Long hours and ‘a pile of white dudes’: Annual survey looks at game industry working conditions

Workers at Riot Games stage a walkout in Los Angeles on May 6, 2019.
Workers at Riot Games in Los Angeles staged a walkout last May.
(Dania Maxwell / Los Angeles Times)

A rare, insider look at the highly secretive game industry from the Game Developers Conference. Developers share thoughts on working conditions, the need for unionization, attempts to diversify and more.


The state of the game industry is ... transitional.

Developers regularly work more than 40 hours a week; attempts to unionize aren’t getting traction; and it’s still an effort to ensure a game studio isn’t simply “a pile of white dudes,” as one developer put it in a newly released survey by the Game Developers Conference, the interactive entertainment industry’s largest professional gathering.

Diversity topics in particular are still an “impossible conversation for the games industry to have well unless they are willing to be very candid about the idea of harassment,” noted one of nearly 4,000 survey participants, adding that there is reticence to discuss why the industry remains so male-dominated.

“When talking about the disproportionate number of women working in gaming, higher-ups seem to be a little nervous about openly admitting some of the reasons why there might be such hostility directed towards women in gaming,” wrote the participant. “I think many individuals still think that if they are generally liberal-minded, socially conscious individuals, diversity just ‘happens’ because they’re not worried about it — not stopping to think about unconscious bias or recognizing that clear-cut initiatives still really matter.”


The yearly survey comes ahead of the conference’s annual March meet-up in San Francisco, and it provides a glimpse into the lives of working developers, offering a snapshot of what those making games today think of everything from emerging technologies to quality of life. Arriving at a time when the video game business is facing increased calls for unionization, the survey represents the rare insider document for a highly secretive industry.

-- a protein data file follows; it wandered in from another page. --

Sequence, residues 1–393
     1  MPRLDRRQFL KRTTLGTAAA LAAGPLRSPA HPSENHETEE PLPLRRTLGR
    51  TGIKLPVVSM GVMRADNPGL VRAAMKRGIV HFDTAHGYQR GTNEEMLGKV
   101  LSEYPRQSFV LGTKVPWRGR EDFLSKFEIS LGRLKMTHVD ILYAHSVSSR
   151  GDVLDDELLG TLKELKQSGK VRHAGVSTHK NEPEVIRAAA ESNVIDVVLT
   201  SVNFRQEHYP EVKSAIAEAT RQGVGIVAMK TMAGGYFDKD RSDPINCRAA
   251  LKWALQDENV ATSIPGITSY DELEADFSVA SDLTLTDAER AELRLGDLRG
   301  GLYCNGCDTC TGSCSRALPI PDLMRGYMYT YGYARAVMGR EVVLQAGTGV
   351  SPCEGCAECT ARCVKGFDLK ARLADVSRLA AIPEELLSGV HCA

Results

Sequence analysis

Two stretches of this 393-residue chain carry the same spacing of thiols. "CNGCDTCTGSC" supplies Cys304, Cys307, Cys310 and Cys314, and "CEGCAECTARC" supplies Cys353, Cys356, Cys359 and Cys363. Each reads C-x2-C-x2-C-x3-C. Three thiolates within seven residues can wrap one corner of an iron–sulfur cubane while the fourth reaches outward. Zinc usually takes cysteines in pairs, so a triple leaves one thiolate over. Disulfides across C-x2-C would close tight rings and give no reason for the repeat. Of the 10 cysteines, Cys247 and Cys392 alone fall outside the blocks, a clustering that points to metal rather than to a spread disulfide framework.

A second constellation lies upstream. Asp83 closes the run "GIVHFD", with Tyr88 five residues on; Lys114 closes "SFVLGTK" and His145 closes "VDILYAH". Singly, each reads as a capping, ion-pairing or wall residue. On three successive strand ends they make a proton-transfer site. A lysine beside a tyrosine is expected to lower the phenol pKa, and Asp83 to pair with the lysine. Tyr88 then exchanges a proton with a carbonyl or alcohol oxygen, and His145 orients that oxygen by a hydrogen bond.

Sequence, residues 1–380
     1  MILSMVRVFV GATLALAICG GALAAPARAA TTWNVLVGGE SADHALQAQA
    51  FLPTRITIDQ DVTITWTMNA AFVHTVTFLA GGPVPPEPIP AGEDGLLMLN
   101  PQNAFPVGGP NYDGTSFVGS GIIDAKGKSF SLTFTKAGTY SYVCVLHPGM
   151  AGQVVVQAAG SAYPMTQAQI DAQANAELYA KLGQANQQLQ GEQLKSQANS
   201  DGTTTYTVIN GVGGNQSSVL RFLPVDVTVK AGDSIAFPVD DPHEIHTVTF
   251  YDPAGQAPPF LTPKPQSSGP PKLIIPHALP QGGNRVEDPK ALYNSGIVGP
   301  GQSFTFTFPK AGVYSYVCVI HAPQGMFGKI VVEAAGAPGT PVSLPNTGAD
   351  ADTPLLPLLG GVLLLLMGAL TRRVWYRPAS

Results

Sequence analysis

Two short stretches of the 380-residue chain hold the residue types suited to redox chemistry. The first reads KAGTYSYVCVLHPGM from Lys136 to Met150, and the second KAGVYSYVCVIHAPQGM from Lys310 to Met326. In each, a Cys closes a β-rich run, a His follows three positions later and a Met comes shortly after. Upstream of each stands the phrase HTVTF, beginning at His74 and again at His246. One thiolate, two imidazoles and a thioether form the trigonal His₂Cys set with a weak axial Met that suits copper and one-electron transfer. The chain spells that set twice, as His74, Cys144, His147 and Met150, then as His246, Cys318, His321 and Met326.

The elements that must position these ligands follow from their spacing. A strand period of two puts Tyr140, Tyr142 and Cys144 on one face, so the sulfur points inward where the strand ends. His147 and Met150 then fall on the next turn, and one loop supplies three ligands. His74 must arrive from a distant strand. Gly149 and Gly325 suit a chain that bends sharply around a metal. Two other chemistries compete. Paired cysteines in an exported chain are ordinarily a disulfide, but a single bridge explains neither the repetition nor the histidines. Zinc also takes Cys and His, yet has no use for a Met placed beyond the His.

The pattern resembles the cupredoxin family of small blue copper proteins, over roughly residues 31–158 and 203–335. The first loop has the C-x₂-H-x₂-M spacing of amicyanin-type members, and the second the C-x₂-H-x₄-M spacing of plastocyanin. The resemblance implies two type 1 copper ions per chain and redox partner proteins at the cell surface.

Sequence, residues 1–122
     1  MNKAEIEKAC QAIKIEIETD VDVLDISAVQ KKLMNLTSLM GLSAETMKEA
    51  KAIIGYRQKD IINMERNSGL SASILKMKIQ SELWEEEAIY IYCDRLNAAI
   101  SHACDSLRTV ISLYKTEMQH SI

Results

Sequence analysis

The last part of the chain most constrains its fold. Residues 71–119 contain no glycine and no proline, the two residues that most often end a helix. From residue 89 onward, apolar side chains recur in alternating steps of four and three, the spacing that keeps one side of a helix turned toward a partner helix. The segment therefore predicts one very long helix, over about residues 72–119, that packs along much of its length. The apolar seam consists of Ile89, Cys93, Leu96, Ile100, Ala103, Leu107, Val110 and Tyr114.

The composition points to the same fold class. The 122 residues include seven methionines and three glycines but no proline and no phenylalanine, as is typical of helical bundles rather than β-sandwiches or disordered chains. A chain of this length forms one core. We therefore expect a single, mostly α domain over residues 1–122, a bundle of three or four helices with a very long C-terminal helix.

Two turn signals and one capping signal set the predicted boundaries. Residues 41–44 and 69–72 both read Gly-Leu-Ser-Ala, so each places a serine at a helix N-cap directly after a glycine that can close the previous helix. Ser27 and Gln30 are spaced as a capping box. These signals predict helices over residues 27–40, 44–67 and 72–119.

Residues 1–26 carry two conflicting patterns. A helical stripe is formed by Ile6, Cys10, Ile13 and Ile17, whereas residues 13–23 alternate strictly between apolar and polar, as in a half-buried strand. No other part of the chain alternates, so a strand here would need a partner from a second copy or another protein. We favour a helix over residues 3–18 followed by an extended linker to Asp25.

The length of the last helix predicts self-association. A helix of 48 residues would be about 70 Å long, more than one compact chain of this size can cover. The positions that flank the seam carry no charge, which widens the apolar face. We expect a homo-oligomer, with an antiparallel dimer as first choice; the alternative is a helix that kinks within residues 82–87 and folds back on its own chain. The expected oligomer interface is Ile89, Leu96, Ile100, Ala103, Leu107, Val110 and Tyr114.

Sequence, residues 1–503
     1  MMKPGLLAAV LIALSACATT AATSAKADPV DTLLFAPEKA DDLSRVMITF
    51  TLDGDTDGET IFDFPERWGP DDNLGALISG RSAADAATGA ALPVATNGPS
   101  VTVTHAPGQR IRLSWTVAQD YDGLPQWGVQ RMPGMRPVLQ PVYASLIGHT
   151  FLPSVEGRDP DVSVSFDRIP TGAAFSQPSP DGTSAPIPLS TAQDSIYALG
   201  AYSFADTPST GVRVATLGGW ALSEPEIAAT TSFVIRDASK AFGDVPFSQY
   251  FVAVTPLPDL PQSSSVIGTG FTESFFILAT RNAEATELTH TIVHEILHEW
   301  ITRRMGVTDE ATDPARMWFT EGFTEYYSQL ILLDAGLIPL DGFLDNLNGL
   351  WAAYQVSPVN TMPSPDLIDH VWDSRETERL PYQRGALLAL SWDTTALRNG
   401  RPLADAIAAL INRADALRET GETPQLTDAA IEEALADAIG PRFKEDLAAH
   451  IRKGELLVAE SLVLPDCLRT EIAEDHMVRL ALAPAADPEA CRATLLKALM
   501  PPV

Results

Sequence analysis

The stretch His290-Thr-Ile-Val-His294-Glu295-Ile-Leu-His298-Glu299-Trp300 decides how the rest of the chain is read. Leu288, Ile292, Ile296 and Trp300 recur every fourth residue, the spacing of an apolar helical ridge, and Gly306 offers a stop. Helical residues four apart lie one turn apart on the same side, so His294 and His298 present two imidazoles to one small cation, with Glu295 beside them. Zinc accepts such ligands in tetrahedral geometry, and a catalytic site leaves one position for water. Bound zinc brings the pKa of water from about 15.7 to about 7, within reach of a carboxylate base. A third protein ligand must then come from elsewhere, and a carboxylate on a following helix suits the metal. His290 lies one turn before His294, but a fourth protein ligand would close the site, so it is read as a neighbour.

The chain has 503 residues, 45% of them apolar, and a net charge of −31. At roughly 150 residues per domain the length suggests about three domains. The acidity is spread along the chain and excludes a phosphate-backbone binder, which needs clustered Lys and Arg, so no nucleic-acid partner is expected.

Some things haven’t changed: The industry, of course, remains male-dominated and “driven by young workers who tend to depart within a decade.” And when it comes to future tech, it’s augmented rather than virtual reality the industry is betting on.

Yet the industry is gradually becoming more diverse, both in whom it employs and the kind of content it creates. In the current survey, 75% of participants identified as male and 21% as female, which is a shift from two years ago, when the industry was 80% male.

“We’re definitely moving in a more inclusive direction — slowly but surely,” said Katie Stern, the conference‘s general manager.

Cultural issues dominated talk in the game industry in 2019. Earlier this month, one of the nation’s largest labor unions, the Communications Workers of America, launched a major initiative aimed specifically at unionizing video game and tech companies. This is the outgrowth of an ongoing conversation that has looked at issues including workplace discrimination, the industry practice of “crunch,” in which employees are expected to work around the clock to finish a game, and rolling layoffs.

Additionally, in the last few years there has been a wave of walkouts, petitions and other workplace actions at video game and tech companies. Here in Southern California, a walkout at Los Angeles game studio Riot Games grew out of employee demands to end the practice of forcing workers into private arbitration instead of allowing them to sue over claims of sexual harassment and workplace discrimination.